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Discussion Starter #1
Ive been considering a 1960's muscle car for a while now and have found a nice 1968 GTO nearby. Im planning on looking it over this weekend.

I have a number of questions:

1. how much value does it lose with non-original #'s matching engine?
2. I have engine codes off GTOALLEY.com...looks like i need to locate the production code on the block on the distributor pad or the casting # behind the #8 cylinder....owner says its all hard to read any suggestions?
3. I need to also find the engine code on the front of the block to make sure its a YS
4. how to i determine the Axle ratio? 3.55? whats common? it has the hurst automatic his/hers

I am planning on having it inspected professionally if it passes my inspection.

Also will check with PHS...i have the VIN# already

I want the car as a high end driver and want to make sure everything is as original as possible...im not sure i want a car w/o the original engine...when i sell it someday i want it to sell easily.

any suggestions are welcome
 

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Discussion Starter #3
Sure id be interested in it, but i dont want to purchase a plane ticket to see it

give me some info

I found a 1969 firebird convertible 350ho numbers matching which im also looking at right now.
 

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Ive been considering a 1960's muscle car for a while now and have found a nice 1968 GTO nearby. Im planning on looking it over this weekend.

I have a number of questions:

1. how much value does it lose with non-original #'s matching engine?
Non matching will drop the value like a rock. That doesn't mean tho that you still can't get good money for a non matching GTO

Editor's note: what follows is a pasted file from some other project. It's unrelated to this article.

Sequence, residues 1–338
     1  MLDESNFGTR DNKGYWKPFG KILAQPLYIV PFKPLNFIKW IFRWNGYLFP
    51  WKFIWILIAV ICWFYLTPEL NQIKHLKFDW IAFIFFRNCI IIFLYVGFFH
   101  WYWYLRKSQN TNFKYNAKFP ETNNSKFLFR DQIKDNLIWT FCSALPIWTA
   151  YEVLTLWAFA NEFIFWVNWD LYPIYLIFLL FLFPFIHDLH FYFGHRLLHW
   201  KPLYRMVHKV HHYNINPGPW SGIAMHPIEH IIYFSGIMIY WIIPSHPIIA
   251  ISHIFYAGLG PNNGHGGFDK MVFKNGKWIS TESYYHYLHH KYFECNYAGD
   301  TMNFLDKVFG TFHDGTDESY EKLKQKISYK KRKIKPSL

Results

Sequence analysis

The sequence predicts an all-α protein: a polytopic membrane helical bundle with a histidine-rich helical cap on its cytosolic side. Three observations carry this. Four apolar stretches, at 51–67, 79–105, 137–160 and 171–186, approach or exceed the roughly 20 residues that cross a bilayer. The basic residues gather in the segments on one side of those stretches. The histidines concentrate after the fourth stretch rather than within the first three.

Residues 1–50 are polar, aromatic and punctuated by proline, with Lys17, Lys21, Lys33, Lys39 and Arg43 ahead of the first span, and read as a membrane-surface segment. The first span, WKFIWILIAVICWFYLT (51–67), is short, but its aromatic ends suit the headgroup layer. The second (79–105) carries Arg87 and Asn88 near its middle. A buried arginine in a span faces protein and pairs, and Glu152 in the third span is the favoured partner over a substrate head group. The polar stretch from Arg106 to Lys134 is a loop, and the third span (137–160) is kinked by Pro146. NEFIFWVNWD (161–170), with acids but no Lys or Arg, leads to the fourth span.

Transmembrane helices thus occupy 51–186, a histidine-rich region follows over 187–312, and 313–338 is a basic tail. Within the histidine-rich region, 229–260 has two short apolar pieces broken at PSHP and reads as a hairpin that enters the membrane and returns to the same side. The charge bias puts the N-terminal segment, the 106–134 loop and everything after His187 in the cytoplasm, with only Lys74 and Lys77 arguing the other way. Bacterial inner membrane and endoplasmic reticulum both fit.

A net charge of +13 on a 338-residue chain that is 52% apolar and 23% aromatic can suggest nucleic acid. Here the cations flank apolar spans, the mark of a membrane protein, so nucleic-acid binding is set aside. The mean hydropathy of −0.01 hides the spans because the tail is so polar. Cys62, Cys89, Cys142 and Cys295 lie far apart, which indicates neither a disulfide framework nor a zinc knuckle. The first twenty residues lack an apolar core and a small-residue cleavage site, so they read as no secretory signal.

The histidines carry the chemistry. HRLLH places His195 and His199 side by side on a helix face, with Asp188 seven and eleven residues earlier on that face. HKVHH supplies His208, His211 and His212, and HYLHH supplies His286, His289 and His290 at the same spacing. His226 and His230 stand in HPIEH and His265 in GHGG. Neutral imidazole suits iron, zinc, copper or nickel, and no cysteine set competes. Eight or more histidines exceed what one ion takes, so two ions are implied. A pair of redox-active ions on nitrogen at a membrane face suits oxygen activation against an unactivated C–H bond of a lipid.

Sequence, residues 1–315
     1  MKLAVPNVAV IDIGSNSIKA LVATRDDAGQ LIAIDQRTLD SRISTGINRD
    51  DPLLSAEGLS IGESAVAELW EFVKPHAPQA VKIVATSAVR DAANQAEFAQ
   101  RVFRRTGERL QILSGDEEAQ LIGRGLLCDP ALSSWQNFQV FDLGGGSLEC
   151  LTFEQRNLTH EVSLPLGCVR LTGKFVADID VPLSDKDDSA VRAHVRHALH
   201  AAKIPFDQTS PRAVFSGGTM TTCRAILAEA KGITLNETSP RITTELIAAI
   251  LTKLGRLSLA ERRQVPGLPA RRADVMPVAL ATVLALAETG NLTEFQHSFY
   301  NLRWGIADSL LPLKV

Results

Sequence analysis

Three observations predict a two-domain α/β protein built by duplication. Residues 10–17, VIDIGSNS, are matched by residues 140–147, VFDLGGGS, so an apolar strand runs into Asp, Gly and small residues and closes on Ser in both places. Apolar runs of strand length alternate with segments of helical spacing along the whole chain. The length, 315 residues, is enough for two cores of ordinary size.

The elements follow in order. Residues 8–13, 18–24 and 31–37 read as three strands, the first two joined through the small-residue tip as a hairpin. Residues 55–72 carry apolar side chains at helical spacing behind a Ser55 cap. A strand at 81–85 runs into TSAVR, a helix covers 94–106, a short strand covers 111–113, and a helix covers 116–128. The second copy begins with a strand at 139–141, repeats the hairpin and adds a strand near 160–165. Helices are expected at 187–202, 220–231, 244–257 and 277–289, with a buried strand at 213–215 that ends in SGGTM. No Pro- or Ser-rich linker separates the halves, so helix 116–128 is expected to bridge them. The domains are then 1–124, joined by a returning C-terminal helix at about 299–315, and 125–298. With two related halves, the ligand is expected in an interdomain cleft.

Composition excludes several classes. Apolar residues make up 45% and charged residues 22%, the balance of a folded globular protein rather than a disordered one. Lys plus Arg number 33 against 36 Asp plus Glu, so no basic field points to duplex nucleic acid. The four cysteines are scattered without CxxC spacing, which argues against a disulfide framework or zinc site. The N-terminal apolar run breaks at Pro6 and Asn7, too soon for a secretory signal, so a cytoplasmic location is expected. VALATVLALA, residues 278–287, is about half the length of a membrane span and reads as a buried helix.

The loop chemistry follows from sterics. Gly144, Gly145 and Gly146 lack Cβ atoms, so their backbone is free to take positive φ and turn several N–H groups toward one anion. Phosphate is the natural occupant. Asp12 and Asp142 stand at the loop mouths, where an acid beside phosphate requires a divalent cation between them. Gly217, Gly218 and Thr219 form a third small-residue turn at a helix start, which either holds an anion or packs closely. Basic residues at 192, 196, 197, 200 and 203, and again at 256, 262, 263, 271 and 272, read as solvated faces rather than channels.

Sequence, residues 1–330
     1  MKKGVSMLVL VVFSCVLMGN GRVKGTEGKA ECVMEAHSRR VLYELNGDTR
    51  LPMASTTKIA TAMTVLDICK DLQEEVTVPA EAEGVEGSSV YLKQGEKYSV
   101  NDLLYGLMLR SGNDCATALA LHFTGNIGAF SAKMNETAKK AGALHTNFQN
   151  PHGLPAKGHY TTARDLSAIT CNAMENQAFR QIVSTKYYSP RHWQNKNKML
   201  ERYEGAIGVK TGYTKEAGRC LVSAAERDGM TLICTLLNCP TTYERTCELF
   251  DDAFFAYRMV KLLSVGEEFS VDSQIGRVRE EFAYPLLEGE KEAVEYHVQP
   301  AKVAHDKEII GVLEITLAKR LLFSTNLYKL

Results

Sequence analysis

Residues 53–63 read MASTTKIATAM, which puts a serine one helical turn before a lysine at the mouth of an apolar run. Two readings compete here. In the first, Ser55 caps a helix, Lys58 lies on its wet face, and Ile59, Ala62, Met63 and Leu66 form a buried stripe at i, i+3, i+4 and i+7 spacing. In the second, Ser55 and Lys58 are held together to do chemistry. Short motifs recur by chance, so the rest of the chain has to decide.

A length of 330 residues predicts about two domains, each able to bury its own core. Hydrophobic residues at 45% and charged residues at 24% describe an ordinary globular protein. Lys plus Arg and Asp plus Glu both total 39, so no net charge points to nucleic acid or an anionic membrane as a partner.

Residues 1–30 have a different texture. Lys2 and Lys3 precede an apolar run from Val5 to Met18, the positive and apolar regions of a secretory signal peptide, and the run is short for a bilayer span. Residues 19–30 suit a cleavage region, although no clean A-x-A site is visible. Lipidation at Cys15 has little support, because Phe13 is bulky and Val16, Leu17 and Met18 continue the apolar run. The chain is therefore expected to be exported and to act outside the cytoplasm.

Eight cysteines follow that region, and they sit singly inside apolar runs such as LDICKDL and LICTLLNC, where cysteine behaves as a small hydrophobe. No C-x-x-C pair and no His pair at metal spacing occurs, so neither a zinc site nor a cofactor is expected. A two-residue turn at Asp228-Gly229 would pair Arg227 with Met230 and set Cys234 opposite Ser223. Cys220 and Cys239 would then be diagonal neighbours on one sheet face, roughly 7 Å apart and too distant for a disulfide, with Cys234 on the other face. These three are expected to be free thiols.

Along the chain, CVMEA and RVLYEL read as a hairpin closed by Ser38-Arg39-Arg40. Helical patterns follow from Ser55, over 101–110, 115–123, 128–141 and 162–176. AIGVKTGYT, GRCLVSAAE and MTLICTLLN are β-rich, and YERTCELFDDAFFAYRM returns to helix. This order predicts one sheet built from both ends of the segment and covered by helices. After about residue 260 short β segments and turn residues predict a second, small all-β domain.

2. I have engine codes off GTOALLEY.com...looks like i need to locate the production code on the block on the distributor pad or the casting # behind the #8 cylinder....owner says its all hard to read any suggestions?
Yep, that's where they're located. Grab a flashlight and look close.
3. I need to also find the engine code on the front of the block to make sure its a YS
Front of block, passenger side, just below the head. That code will not tell you if it's a numbers matching. YS blocks were used in many years, even in non GTO's. You also need the engines v.i.n. See below.
4. how to i determine the Axle ratio? 3.55? whats common? it has the hurst automatic his/hers
Verify the date code on the backside of the punpkin next to the cover. Should look something like this, D228(D=April, 22, 1968) If it's a '68 you should find a 2 letter code "stamped" on the back drivers side axle tube. The code will begin with a W, Y or Z(Y/Z = safe-t-track). That code will tell you what gear ratio came with the car when new. To verify those gears are still in it, you would want to rotate the tire once(if it's a safe-t-track, twice if not) and count the number of revolutions of the driveshaft. 3 1/2 turns = 3.55 ratio etc.... You can date code the tranny too, ex. 68 PT 1234(for automatics)

I am planning on having it inspected professionally if it passes my inspection.

Also will check with PHS...i have the VIN# already

I want the car as a high end driver and want to make sure everything is as original as possible...im not sure i want a car w/o the original engine...when i sell it someday i want it to sell easily.

any suggestions are welcome
See above....

Engines v.i.n. is located by timing cover passenger side. Given the example below, 2= Pontiac, second 2 = year(1972), P = final assembly plant, 361206 = should match the last 6 digits of the cars v.i.n. If it doesn't, it's not a numbers matching GTO.
 

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